When meteorologists predict the weather for a month, they often use one of the so-called naïve forecasts. What the average spend during June for the last five years – the counterpart of the climate of the region and the basis for the naïve forecast – stands as a first-cut forecast.
A second type of naïve forecast is persistence, which would predict spending based on the average of the preceding months. All else being equal, it assumes the pattern will continue. A model developed to predict something needs to perform better than both of the naïve forecasts.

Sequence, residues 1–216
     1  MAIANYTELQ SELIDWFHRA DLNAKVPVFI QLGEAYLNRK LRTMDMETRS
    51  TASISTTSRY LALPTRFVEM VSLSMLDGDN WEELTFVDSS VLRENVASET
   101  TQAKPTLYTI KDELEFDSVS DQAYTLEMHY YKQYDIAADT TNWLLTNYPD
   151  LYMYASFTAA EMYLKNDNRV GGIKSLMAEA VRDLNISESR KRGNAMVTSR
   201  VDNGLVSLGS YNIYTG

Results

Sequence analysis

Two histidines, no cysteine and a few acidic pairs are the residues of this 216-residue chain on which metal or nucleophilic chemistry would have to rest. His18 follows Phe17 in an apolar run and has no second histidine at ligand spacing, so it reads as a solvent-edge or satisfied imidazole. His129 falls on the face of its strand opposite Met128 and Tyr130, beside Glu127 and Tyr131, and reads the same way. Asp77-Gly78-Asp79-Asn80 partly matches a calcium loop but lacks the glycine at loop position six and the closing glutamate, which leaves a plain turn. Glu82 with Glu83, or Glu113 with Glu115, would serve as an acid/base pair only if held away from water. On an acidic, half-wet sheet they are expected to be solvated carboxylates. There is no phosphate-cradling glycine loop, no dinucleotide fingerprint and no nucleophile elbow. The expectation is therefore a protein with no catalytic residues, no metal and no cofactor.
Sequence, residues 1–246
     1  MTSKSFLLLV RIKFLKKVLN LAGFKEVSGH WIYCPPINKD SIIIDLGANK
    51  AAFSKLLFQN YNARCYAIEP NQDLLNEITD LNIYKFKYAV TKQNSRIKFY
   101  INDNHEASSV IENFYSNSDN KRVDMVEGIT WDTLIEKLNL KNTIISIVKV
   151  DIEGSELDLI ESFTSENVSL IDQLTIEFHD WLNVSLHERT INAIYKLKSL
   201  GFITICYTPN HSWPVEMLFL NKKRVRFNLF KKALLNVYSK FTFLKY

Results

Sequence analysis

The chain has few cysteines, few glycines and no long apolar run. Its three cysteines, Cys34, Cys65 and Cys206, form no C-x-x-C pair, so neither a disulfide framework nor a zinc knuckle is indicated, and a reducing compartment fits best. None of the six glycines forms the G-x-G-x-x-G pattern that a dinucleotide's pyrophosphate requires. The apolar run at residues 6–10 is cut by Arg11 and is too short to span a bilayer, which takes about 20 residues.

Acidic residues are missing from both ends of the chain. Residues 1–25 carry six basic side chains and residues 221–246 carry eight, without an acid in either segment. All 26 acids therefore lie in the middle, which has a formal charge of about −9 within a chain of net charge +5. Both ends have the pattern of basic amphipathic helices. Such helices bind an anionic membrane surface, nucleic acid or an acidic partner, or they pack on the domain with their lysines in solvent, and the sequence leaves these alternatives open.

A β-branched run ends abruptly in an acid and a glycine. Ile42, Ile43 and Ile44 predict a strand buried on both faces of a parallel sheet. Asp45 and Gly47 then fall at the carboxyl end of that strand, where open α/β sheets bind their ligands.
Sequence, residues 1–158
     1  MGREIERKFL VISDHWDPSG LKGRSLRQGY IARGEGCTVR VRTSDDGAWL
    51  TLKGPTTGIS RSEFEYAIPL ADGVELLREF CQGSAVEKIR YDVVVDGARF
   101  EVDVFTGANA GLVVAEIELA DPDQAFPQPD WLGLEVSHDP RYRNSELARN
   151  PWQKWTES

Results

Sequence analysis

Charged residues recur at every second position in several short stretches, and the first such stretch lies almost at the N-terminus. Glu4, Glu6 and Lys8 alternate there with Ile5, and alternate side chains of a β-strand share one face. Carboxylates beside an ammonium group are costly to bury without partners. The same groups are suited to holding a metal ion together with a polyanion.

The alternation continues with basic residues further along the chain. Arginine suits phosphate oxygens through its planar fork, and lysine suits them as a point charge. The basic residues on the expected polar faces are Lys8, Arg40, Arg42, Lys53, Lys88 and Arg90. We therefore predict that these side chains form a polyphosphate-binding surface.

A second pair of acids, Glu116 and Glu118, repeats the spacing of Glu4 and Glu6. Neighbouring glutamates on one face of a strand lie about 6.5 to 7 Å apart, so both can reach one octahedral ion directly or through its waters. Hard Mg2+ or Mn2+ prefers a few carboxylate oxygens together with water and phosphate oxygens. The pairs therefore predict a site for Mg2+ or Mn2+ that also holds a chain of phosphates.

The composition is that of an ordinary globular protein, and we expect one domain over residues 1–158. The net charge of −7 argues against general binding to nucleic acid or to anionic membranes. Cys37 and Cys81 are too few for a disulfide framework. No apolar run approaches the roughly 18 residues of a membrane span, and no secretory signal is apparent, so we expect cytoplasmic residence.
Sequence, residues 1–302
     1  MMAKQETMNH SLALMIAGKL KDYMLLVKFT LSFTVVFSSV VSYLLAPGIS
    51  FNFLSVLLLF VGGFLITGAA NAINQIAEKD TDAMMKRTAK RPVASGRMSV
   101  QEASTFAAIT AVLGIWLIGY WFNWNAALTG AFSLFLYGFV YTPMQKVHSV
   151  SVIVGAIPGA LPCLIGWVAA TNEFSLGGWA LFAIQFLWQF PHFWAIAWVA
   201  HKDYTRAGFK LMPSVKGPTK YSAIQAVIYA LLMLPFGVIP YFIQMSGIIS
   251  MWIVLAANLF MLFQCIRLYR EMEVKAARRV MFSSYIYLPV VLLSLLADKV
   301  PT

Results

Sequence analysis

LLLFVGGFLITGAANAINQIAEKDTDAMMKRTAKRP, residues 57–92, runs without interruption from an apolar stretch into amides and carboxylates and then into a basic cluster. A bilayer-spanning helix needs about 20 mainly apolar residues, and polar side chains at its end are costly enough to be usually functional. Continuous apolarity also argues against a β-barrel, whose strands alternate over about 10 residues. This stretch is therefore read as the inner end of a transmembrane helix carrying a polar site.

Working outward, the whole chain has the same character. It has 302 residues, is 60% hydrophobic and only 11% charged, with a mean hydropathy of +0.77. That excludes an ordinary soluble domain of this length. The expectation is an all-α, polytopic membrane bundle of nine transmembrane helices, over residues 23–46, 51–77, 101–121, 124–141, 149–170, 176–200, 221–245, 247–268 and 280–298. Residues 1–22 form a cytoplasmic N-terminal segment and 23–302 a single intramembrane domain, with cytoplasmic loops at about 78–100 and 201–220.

A third method, which is not described in David Orrell, Apollo’s Arrow: the Science of Prediction and the Future of Everything (Harper 2007) at 150, looks at the trend line of preceding months. The (persistence) average smoothes out and hides change; a trend line suggests the direction of change and therefore gives more information.